Monthly Archives: December 2010

Gideon Rachman

My friends the Taiwanese animators have drawn my attention to their latest effort – an animated cartoon explaining the rise and fall of Ireland. Once again, it is an inspired creation. The economics are faultless, the political interpretation is sharp – and I particularly liked the cute Celtic Tiger and the Riverdance theme. Who knew that an economic crisis could be so entertaining?

  

In this week’s podcast: Eurozone debt and the risks of contagion, with Richard Milne and Ralph Atkins; Wikileaks and the Middle East with Roula Khalaf; EU structural funds with Cynthia O’Murchu and Peter Spiegel. 

Gideon Rachman

I have just flown back into London from Dubai to find the city covered in snow and in a slough of depression, after England’s failure to get the World Cup in 2018. Russia got the nod. And Qatar, incredibly (given the heat there in summer) will host the 2022 World Cup.

The best comment so far was an e-mail I received from a colleague, shortly after the verdict was announced: “Russia get 2018 World Cup; just what a game accused of corruption needs.” Still, at least, nobody would ever associate Qatar with corruption.

Actually, I think it was probably the accusations of corruption in FIFA – emanating from the BBC and the Sunday Times of London – that finally did for the English bid. You don’t have to worry about that sort of thing in Russia, where from time to time investigative journalists are murdered or beaten up. 

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RB = Roger Blitz, the FT’s sports & leisure correspondent (in Zurich)
DD = Darren Dodd, an FT news editor

RB Fifa will sell this as votes for new frontiers, a la South Africa. The accusation of collusion is dampened by Russia’s victory. For England, going out in the first round only reinforces the argument that when it comes to football politics, England just does not get it.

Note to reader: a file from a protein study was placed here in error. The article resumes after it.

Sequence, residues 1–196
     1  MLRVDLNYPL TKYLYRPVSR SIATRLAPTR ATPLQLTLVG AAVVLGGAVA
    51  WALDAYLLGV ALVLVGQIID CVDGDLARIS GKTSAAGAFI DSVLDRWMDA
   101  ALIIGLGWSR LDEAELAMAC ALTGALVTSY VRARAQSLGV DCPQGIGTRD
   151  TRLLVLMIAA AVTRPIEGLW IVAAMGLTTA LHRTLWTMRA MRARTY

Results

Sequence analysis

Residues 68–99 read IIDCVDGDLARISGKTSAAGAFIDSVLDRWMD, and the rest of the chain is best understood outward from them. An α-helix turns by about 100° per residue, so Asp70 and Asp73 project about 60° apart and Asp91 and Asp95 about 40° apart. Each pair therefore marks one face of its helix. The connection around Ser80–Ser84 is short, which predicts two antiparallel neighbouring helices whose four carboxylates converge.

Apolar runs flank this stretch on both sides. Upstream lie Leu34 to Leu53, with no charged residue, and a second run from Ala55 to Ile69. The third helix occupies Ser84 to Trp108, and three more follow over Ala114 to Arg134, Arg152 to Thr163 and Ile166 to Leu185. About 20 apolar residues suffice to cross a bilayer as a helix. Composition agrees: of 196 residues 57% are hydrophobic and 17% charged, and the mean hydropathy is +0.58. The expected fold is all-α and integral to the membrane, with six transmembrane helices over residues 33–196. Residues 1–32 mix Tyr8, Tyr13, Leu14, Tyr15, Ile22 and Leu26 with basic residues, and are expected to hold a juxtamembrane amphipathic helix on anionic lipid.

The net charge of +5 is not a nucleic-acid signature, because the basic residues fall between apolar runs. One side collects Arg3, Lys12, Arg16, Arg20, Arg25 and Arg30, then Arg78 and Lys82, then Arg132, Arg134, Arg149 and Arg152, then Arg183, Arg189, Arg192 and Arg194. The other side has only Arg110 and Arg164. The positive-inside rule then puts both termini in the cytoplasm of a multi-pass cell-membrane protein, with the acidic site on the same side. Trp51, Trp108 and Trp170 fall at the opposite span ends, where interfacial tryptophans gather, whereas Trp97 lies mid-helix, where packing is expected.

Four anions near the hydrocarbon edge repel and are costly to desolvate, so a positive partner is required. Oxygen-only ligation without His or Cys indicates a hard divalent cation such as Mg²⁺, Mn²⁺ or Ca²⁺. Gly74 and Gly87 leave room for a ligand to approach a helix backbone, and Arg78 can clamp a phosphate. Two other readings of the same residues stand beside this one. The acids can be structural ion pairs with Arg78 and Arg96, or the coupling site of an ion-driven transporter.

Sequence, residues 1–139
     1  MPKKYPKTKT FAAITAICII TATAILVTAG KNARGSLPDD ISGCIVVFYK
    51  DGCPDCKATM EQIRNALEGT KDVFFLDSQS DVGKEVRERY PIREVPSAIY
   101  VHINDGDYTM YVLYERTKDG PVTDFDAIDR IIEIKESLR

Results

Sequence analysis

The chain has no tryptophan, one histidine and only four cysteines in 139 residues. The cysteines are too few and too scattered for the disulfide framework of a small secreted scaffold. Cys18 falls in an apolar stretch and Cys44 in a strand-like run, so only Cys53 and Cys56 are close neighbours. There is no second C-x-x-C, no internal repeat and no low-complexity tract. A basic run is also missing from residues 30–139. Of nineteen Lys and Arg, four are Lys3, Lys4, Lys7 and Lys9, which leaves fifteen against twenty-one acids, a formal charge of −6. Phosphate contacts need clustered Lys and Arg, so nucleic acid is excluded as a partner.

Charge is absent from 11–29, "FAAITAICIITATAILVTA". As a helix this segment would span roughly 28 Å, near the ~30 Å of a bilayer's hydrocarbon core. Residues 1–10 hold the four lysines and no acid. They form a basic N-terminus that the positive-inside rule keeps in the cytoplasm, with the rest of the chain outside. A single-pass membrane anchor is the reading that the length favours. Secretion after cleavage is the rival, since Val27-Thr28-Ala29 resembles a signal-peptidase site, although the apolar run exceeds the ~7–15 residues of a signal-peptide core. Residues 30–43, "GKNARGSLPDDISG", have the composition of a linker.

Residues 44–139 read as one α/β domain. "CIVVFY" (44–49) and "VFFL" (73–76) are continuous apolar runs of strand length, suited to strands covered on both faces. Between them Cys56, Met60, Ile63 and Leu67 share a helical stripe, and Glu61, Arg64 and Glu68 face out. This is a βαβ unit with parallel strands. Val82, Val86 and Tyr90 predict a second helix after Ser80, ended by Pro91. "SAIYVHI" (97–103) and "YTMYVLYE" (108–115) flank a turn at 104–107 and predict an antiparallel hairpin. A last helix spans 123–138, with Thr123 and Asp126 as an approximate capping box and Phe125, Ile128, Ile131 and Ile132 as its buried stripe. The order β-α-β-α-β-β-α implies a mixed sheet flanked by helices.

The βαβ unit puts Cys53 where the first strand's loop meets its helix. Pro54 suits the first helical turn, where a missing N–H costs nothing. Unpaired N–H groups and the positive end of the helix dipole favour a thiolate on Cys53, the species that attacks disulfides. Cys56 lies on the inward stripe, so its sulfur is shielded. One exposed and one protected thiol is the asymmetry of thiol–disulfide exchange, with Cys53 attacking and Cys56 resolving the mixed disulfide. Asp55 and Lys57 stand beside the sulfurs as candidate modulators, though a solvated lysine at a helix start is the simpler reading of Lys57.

Simon Gray in France asks: What time of year are they going to play the 2022 World Cup? In July it is about 50C in the shade in Qatar. Players will be dying, literally. Air-conditioned indoor stadiums? I suppose they can afford it.

Robert Orr in New York says not many tears were shed at the bar over the US losing out to Qatar in 2022. Pundits on ESPN, which was at least broadcasting the decision live, were more concerned about how to pronounce the Gulf state’s name. Cat-ar? Quat-ar? They quickly moved on to the  more important matter of Lebron James’ return to Cleveland later this evening…

Michael Kavanagh is back to reading L’Equipe. The site says Russia won despite a “dangerous risk” around transport considering the huge distances between host cities. It predicts that Russian football, already turbocharged by petroroubles, will gain further prominence.

Mark Mulligan in Madrid says: There’s deep disappointment in Madrid, but television commentators are at least conceding that perhaps Spain – and more so Portugal – have bigger issues to deal with at the moment, a reference to the eurozone crisis.

Iberia’s bid was built around quality of football and transport infrastructure, love of the game across the two countries and their natural appeal as tourist destinations.

Also, of course, Spain felt that it deserved to host a World Cup after its fine performance and subsequent victory in this year’s tournament.

HM: And in all Sepp Blatter’s waffle before the announcement, note how he referred to China as the place where football was born. A 2026 bid from Beijing, anyone? Then again, Blatter did call England “the motherland”.

Henry Mance: So Batman – as WikiLeaks had him – will be flying to Zurich after all!

and the 2022 host is…..Qatar

2018 winner is Russia 

Gideon Rachman

The Wikileaks saga continues to dominate the foreign pages. So should I revise my opinion that it’s all a huge fuss about surprisingly little? A bit - but only a bit.

In my last post, I said that there was only one revelation that had half-surprised me – and this was the idea that the Saudis are urging an attack on Iran. Since then, there has one other thing that struck me as real news -and that is the suggestion that China is prepared to accept a reunified Korea, which still played host to American troops. But, even here, it’s not clear that how far the Chinese sources cited actually reflect a unified and settled position in Beijing. It sounds to me more like a single official, reflecting a policy discussion that is underway in China. It’s interesting to get a glimpse of that discussion. But, again, I think you could probably assume that in a sophisticated government like China’s, these kinds of option would be under discussion.